And generally our users tend to be probably middle income, but slightly higher than middle income in the United States. And I think that’s a really important point because carbon footprints are correlated with income. There’s a lot of research on this that shows higher income people tend to have higher carbon lifestyles. And I think that’s a key part of the impact that we’re trying to have, to show that if you have have the means to be making choices about how you consume, then you also have a higher potential for impact in reducing your emissions.
There was actually recently a study that came out of Oxfam, that said that the wealthiest 10% of the world has been responsible for over 50% of the growth in carbon emissions over the last decade. And if you look at the wealthiest 10% of the world, that includes people in the United States who earn over $60,000, and that maps pretty well to our demographic; our demographic tends to earn more than that.
Host Raj Daniels 15:31
Does the app give purchase options or suggestions?
Sanchali Pal 15:35
We don’t yet.
Host Raj Daniels 15:36
It’s in the roadmap.
Sanchali Pal 15:38
Yeah, we’d like to. The work we’re doing to be able to have estimates on the vendor level or on the merchant level of the carbon emissions of particular purchase is also a step in the direction of being able to make recommendations. So if we see that you’re often purchasing from a particular retailer that tends to have a higher carbon footprint, and we see a pretty substitutable retailer with a lower carbon footprint, we’d like to be able to suggest that to our users.
Host Raj Daniels 16:03
And does that go down to the product level?
Sanchali Pal 16:04
It doesn’t, no. We try to stay away from the product level and estimation for a couple of reasons. One is that we want to be able to provide enough guidance to users to make consequential choices without burdening them with manual input. And so that would require users telling us exactly which products they purchased. And we’d rather say like if you’re going to purchase electronics, you could purchase them from this place or this plase. But we’re not going to tell you which electronics to buy, because that’s your choice. And the second reason is because there are just so many products in the world. And there’s very little data on the carbon emissions of every particular product. So for now we’re staying at the at the vendor level or the category level.
Host Raj Daniels 16:45
Tell me about the name Joro.
Sanchali Pal 16:47
Joro means “protector of the earth” in Old Norse. She’s a character from Norse mythology, similar to Gaia, and actually was the mother of Thor in Norse mythology, which a lot more people are familiar with. But we chose the name Joro because we wanted everyone to be a human protector of the earth.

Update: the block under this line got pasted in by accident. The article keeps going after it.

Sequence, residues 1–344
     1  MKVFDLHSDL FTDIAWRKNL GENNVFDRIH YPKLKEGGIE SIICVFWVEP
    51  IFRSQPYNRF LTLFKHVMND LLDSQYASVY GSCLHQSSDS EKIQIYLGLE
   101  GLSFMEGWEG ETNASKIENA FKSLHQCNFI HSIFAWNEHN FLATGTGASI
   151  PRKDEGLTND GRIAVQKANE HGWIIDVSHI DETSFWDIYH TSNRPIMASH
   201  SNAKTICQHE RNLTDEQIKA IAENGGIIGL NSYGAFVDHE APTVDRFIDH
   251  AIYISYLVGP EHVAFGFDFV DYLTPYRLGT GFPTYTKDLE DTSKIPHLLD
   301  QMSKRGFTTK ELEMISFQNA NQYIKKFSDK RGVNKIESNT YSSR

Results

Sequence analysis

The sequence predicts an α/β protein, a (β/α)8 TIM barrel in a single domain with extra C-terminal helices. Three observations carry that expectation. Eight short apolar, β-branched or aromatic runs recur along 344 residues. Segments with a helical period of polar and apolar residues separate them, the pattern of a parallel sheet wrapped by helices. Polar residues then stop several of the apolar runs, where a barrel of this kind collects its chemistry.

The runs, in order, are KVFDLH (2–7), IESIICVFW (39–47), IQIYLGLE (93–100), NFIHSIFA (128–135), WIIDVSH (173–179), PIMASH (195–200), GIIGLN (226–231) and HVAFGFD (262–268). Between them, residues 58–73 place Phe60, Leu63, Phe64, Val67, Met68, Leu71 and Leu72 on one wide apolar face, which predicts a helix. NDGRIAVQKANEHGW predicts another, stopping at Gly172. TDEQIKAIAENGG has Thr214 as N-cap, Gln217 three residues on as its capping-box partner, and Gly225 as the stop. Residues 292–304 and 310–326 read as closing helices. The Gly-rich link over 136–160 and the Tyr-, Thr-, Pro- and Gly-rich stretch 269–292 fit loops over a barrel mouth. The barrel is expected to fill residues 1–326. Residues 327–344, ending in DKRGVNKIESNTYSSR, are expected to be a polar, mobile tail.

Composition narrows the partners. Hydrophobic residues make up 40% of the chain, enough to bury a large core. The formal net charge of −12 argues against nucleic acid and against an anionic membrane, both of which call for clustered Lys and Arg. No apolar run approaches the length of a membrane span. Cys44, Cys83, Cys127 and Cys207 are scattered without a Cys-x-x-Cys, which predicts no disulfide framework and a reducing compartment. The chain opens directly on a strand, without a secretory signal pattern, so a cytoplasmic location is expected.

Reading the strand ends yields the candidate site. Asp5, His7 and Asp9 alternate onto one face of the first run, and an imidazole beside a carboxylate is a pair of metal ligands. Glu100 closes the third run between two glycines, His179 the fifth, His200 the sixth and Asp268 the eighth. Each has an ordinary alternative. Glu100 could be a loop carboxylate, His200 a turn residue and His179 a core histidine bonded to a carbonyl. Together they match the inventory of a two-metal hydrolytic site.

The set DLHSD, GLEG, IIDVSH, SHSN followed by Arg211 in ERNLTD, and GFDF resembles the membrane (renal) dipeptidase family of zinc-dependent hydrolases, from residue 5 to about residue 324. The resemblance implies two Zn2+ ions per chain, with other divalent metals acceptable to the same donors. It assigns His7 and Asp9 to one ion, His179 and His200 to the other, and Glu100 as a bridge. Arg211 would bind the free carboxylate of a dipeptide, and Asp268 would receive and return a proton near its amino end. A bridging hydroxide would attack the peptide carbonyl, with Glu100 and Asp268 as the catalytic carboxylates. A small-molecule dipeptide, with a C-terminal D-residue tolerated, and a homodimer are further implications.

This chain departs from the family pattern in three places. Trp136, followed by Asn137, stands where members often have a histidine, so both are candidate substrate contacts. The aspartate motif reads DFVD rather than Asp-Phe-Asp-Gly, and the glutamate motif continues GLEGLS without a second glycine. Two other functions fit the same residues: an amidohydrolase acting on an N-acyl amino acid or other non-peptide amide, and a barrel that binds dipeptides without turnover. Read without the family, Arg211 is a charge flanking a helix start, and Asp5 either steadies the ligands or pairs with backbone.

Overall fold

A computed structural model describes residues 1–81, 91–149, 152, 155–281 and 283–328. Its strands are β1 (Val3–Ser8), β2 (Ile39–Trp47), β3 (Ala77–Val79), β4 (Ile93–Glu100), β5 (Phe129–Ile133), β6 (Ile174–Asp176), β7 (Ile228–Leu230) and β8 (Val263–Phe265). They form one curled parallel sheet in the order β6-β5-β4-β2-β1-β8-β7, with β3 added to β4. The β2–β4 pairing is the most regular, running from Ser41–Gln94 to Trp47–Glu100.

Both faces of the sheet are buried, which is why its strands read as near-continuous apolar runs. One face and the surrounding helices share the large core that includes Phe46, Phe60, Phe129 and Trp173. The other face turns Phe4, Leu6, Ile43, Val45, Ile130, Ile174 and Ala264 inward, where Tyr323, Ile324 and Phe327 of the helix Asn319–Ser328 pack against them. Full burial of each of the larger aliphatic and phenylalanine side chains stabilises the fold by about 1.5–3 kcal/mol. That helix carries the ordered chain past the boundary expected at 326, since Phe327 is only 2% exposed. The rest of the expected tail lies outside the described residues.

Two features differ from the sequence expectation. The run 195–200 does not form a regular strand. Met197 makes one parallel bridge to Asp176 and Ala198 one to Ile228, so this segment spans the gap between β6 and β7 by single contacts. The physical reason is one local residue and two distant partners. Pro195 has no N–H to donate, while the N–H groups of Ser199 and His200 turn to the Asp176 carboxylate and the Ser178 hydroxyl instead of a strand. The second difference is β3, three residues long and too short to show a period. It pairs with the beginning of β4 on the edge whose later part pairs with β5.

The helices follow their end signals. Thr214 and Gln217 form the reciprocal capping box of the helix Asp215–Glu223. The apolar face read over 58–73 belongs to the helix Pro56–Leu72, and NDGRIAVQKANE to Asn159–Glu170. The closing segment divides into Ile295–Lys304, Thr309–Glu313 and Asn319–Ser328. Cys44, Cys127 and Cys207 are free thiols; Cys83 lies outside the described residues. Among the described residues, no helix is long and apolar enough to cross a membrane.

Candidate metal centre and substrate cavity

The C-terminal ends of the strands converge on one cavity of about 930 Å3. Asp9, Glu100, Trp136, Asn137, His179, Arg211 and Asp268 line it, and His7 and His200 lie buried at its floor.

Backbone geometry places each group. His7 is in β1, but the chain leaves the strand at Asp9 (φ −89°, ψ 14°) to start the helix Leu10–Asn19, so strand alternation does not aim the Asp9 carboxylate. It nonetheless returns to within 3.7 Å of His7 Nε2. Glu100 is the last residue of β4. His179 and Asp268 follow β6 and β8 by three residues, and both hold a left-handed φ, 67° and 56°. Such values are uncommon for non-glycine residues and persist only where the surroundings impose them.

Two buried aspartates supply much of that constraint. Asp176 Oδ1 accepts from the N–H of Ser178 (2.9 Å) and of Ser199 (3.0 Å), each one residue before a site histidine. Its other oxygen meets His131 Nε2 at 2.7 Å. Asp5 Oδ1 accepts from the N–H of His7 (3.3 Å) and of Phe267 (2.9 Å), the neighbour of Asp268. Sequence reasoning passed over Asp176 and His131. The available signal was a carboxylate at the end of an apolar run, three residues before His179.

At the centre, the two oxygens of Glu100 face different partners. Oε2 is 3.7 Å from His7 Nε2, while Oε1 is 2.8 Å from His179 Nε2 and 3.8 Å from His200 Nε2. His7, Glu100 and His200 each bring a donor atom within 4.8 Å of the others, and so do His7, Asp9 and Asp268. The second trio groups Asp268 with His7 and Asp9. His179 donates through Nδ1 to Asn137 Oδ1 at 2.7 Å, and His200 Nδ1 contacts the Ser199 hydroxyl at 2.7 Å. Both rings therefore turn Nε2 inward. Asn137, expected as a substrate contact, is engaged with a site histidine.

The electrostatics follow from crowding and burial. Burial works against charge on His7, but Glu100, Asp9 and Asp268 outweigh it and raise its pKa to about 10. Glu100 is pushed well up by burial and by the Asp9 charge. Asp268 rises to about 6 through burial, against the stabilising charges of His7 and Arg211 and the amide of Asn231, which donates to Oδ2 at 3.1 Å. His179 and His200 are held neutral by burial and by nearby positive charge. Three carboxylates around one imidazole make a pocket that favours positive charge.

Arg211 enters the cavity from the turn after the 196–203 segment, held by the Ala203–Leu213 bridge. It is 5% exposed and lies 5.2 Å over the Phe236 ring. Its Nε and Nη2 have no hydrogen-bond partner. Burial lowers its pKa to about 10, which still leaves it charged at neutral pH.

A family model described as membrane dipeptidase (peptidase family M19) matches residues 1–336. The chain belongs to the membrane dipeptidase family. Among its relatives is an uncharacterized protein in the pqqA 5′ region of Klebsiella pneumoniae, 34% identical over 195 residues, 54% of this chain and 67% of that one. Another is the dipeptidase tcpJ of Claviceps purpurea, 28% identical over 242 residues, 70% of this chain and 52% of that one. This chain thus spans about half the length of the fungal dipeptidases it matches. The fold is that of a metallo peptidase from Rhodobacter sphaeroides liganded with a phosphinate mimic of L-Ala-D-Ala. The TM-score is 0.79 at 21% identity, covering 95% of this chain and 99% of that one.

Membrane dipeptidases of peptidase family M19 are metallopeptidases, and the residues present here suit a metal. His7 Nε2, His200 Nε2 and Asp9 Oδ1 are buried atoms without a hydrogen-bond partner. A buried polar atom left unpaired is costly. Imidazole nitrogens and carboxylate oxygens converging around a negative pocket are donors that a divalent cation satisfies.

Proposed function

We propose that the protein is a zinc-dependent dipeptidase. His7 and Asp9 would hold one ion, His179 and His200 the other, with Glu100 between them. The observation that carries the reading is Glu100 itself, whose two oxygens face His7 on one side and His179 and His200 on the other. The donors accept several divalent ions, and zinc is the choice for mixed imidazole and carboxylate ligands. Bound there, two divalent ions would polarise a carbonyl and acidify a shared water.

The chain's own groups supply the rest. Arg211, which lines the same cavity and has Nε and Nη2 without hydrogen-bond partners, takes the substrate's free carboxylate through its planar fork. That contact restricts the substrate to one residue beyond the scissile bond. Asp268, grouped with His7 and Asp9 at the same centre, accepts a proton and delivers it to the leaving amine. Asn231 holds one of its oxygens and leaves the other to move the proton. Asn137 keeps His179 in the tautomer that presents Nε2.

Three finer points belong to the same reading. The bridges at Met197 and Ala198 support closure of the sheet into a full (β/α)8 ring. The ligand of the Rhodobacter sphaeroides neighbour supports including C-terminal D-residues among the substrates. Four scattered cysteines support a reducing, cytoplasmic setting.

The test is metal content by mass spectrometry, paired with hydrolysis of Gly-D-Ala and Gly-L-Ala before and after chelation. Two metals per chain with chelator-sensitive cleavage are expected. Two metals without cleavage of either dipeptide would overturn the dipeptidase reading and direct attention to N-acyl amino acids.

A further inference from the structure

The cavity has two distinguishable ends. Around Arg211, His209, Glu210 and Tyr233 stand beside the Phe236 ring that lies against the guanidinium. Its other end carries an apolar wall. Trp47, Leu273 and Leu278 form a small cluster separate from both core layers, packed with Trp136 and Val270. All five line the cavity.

Host Raj Daniels 17:06
I like that. Is your logo designed after?
Sanchali Pal 17:10
It’s not, no. The logo is just our name. But I do think that some branding work is in our future as we grow.
Host Raj Daniels 17:21
Very nice. So the crux of our conversation is the why behind what you do. We started the conversation speaking about your work in Ethiopia. And then I read, also in my research, you’ve done other international travel. India comes to mind. What’s the why? It looks like you had your options wide open; why did you choose to do Joro.
Sanchali Pal 17:39
For me, it was really the culmination of a long, frustrating personal journey of wanting to live more sustainably and finding it incredibly difficult to figure out what to do. I think many more people feel like me than ever before, this anxiety about the climate crisis, a frustration with how slow things are moving, and a desire to do anything that I can do that will move that faster. So I was really feeling that. And as I started looking into the data I had — I had to do a lot of my own research, but I found that there were choices I was making in my own life that would make a difference if I did them over the course of my lifetime or at scale, but they weren’t necessarily the ones I had initially thought.
So going from where I was before, eating meat basically every day, to just eating it one meal a week, I was able to have a carbon impact of taking half a car off the road every year. Making choices about using less heating and cooling in my home rather than focusing on the lighting I was using allowed me to save a lot more energy, and then researching and understanding that good carbon offsets are quite difficult to find. And you really need to focus on carbon removals and craft a portfolio of offsets that balance short term and long term carbon removals is the way that you can have an impact if you decide to do offsets. All of that is very difficult for consumers to find access to. And so what I wanted to do is just make that easier, because the more people that are doing this, the more power we have. And that’s really at the heart of sort of our theory of change at Joro is that the climate crisis is a collective action crisis. It’s a systemic problem.